Book Review: Unbearable Lightness by Portia De Rossi

Unbearable Lightness by Portia de Rossi - Header

With my university psychology reading list having reverted back to its standard “textbook chapters and peer reviewed periodicals”, neither of which are really designed to be read over the morning porridge, I started to hunt for an alternative. How I came to discover Unbearable Lightness, Portia de Rossi’s memoir about her battle with anorexia and the contributing factors of a life under the Hollywood spotlight, I don’t know. I have an idea it was, once again, social media. But please don’t quote me.

I knew nothing about Portia de Rossi before I set about reading it. I couldn’t have described her appearance, told you her biography, or even her real name. It was purely her link to anorexia that drew me in; the same way it drew me in to Tina McGuff’s Seconds to Snap or Todd Tucker’s simplification of The Great Starvation Experiment. The fact she was famous was just context.

Ally McBeal (Cast) - Portia de Rossi Unbearable Lightness

I knew so little about her that when I discovered she was in Ally McBeal I still had to Google her name to see who she was, my only real interest in the late-nineties legal drama being it’s link to the songs of Vonda Shepard! But one thing that my search had uncovered was a constant admiration for the fluidity and naturalness with which Portia de Rossi writes. Reviews and commentators stating that she has a tone and style that is friendly and inviting, creating a world of colour and texture which best-selling authors would look enviously towards. And I totally agree.

Unbearable Lightness just flows from the page in a way that is easy to read, visualise and accept. I never felt like I was looking at a world beyond my knowledge, or that the glamour and fame of Hollywood was tinting my opinion and threatening my involvement. The heart of the book is Portia and it’s her personality that you fall for rather than her environment. She comes across as likeable and interesting, but most of all, she comes across as a puppet being driven to its death by an unrelenting master. Her story created huge amounts of empathy and sympathy within me, and as I sat there reading, I felt her pain and saw echoes of myself with increasing force; but more worrying, her words unlocked thoughts in my head I haven’t heard for a very long time.

Anorexia, sadly, can be a competitive illness. Even though it is actually a coping strategy, even though it’s an individual reaction to an event or trauma, more often than not you can trace shared personality traits from one to another. Often suffers will desire the need to be perfect, to be the best and will often talk about how they were driven lower, and further into the destructive disorder as a result of hearing about someone eating less, or weighing less; being the apparent “better” anorexic.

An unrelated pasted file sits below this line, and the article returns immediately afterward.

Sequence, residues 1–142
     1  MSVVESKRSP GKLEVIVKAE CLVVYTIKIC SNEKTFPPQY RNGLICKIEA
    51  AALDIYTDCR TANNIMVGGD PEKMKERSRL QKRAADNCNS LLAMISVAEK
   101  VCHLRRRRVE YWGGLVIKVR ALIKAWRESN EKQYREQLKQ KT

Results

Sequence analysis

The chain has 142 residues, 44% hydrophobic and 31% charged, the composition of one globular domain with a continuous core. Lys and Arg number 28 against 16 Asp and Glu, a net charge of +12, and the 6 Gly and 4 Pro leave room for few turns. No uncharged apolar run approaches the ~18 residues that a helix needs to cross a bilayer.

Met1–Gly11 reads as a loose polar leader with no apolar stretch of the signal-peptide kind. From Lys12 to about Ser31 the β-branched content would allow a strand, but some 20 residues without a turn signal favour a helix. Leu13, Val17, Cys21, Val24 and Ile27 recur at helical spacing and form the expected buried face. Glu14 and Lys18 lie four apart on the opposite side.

Anorexic - Portia de Rossi Unbearable Lightness

This isn’t something I have ever found, my illness has always been my own. I’ve read books and blogs, seen documentaries and heard interviews, and never once felt the desire to push myself harder, or to restrict my life further. Until now. I don’t know why, my life is a million miles away from Portia de Rossi’s but as the pages became chapters, and her story unfolded, I could hear the voice in my head questioning my life. I would read about how out of control de Rossi felt, and how she therefore, exercised more, or ate less, to address the balance, and in my head I’d start to question the bowl of porridge I was eating or the dinner I was enjoying.

“I don’t need all this food, I never used to eat this much. Cut it out, go back to how you were. You’re fat, stop eating”. Honestly, it truly scared me.

Even though the book really did, and still has, set free some scary and potentially difficult thoughts into my mind, I did finish reading it. I think that is in part down to the fact that I just wanted to know the outcome, how her battle with our shared enemy resolves, but also, because underneath it all she has fought through a life that is also triumphant and inspirational for all the right reasons and therefore, underneath everything, reading her story, discovering her life, I just found her fascinating. I would have liked to have spent a bit more time hearing about her brother, friends and even her dog, because they arrive like recurring extras to help move the story along but are never brought to the front. I felt like they were there, but always off limits. And that’s a shame, because like de Rossi, they seem really interesting.

Book Signing - Portia de Rossi Unbearable Lightness

As a book Unbearable Lightness is easy to read and amazingly honest in how anorexia nearly destroyed a very public life. It never felt slow, the story has a constant motion to it, even if I have to that at times it seems to cover ground it’s been over before. But that’s anorexia, and it’s demand for structure and routine. You live the style day, over and over. I think I’ve probably got more out of large portions of it (both good and bad) than a lot of people would as a result of being able to see a lot of myself in Portia de Rossi and the way we blindly followed the fatalistic rules anorexia creates; but I would also say, that, if you know or support anyone with anorexia, this book paints honestly and clearly the invisibility to reality and the normalisation of disorder that occurs when anorexia takes over a mind and grows as a coping strategy, and for that reason, it is well worth reading alone.

Posted on by 5WC in Book First Edition

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